PCSK9 binds to multiple receptors and can be functionally inhibited by an EGF-A peptide.
ABSTRACT Proprotein convertase subtilisin/kexin type 9 (PCSK9) binds to low density lipoprotein receptor (LDLR) and induces its internalization and degradation. PCSK9 binding to LDLR is mediated through the LDLR epidermal growth factor-like repeat A (EGF-A) domain. We show for the first time that an EGF-A peptide inhibits PCSK9-mediated degradation of LDLR in HepG2 cells. In addition to LDLR, we show that PCSK9 also binds directly to ApoER2 and mouse VLDLR. Importantly, binding of PCSK9 to either LDLR or mouse VLDLR was effectively inhibited by EGF-A while binding to ApoER2 was less affected. In contrast, LDL receptor-associated protein (RAP), which interacts with LDL receptor repeat type A (LA) domains, inhibited PCSK9 binding to ApoER2 with greater efficacy than either LDLR or mVLDLR. These data demonstrate that while PCSK9 binds several receptors via its EGF-A binding domain, additional contacts with other receptor domains are also involved.
- SourceAvailable from: Maciej Banach[Show abstract] [Hide abstract]
ABSTRACT: Proprotein convertase subtilisin/kexin 9 (PCSK9) is part of the proteinase K subfamily of subtilases and plays a key role in lipid metabolism. It increases degradation of the low-density lipoprotein receptor (LDL-R), modulates cholesterol metabolism and transport, and contributes to the production of apolipoprotein B (apoB) in intestinal cells. Exogenous PCSK9 modifies the activity of 3-hydroxy-3-methylglutaryl-coenzyme A reductase and acyl coenzyme A:cholesterol acyltransferase and enhances secretion of chylomicrons by modulating production of lipids and apoB-48. Statins increase PCSK9 messenger RNA expression and attenuate the capacity to increase LDL-R levels. Therefore, the inhibition of PCSK9 in combination with statins provides a promising approach for lowering low-density lipoprotein cholesterol (LDL-C) concentrations. This review will address new therapeutic strategies targeting PCSK9, including monoclonal antibodies, antisense oligonucleotides, small interfering RNAs, and other small molecule inhibitors. Further studies are still needed to determine the efficacy and safety of the PCSK9 inhibitors not only to decrease LDL-C but also to investigate the potential underlying mechanisms involved and to test whether these compounds actually reduce cardiovascular end points and mortality.Journal of Cardiovascular Pharmacology and Therapeutics 06/2014; · 3.07 Impact Factor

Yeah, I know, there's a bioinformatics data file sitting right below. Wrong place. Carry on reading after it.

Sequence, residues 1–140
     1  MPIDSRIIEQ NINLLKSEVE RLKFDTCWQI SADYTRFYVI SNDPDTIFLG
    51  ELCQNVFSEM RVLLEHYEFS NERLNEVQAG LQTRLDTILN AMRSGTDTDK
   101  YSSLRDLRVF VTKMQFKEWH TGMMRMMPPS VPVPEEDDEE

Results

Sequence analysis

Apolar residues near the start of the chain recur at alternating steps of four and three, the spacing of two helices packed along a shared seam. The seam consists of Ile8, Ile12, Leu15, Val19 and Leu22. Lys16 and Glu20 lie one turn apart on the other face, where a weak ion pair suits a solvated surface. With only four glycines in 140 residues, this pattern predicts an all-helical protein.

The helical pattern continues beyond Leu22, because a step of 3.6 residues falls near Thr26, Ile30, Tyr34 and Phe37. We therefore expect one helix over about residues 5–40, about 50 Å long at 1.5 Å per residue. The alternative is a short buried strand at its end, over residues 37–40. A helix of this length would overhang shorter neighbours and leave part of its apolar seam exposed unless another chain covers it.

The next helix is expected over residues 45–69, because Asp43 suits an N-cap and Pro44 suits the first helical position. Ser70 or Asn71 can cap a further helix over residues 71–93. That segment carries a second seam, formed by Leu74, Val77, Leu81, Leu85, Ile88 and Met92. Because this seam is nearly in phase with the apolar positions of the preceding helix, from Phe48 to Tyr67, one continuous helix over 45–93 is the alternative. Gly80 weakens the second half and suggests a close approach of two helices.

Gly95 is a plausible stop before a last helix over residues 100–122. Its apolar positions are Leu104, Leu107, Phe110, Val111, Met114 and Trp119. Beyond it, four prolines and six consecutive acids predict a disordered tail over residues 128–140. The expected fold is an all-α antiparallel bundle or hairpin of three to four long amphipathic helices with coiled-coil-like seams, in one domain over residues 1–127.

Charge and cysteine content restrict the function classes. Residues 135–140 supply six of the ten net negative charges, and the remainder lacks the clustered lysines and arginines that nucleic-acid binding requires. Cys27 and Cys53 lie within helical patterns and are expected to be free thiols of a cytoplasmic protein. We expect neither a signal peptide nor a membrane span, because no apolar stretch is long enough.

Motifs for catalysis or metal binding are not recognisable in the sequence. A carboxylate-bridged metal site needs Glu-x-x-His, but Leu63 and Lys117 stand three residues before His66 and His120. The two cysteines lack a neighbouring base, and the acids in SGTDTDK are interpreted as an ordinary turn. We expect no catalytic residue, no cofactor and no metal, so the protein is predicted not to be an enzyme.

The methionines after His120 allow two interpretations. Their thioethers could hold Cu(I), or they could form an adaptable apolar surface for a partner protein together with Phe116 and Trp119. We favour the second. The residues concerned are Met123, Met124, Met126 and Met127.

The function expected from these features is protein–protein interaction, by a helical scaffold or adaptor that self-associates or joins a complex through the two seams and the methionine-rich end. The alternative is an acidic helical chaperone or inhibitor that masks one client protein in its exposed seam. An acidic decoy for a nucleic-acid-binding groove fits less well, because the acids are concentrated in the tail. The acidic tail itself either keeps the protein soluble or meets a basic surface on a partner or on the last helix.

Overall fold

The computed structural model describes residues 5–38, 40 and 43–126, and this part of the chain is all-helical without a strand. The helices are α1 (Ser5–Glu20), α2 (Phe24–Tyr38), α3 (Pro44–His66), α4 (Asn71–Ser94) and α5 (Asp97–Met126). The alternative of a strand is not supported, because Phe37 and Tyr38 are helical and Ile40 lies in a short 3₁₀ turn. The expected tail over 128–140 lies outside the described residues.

- [Show abstract] [Hide abstract]
ABSTRACT: The proprotein convertase subtilisin/kexin type 9 (PCSK9) has emerged as a promising treatment target to lower serum cholesterol, a major risk factor of cardiovascular diseases. Gain-of-function mutations of PCSK9 are associated with hypercholesterolemia and increased risk of cardiovascular events. Conversely, loss-of-function mutations cause low-plasma LDL-C levels and a reduction of cardiovascular risk without known unwanted effects on individual health. Experimental studies have revealed that PCSK9 reduces the hepatic uptake of LDL-C by increasing the endosomal and lysosomal degradation of LDL receptors (LDLR). A number of clinical studies have demonstrated that inhibition of PCSK9 alone and in addition to statins potently reduces serum LDL-C concentrations. This review summarizes the current data on the regulation of PCSK9, its molecular function in lipid homeostasis and the emerging evidence on the extra-hepatic effects of PCSK9.Basic research in cardiology. 03/2015; 110(2):463.
- [Show abstract] [Hide abstract]
ABSTRACT: Proprotein convertase subtilisin kexin type 9 (PCSK9) is a circulatory ligand that terminates the lifecycle of the low-density lipoprotein (LDL) receptor (LDLR) thus affecting plasma LDL-cholesterol (LDL-C) levels. Recent evidence shows that in addition to the straightforward mechanism of action, there are more complex interactions between PCSK9, LDLR and plasma lipoprotein levels, including: (a) the presence of both parallel and reciprocal regulation of surface LDLR and plasma PCSK9; (b) a correlation between PCSK9 and LDL-C levels dependent not only on the fact that PCSK9 removes hepatic LDLR, but also due to the fact that up to 40% of plasma PCSK9 is physically associated with LDL; and (c) an association between plasma PCSK9 production and the assembly and secretion of triglyceride-rich lipoproteins.Atherosclerosis 12/2014; · 3.71 Impact Factor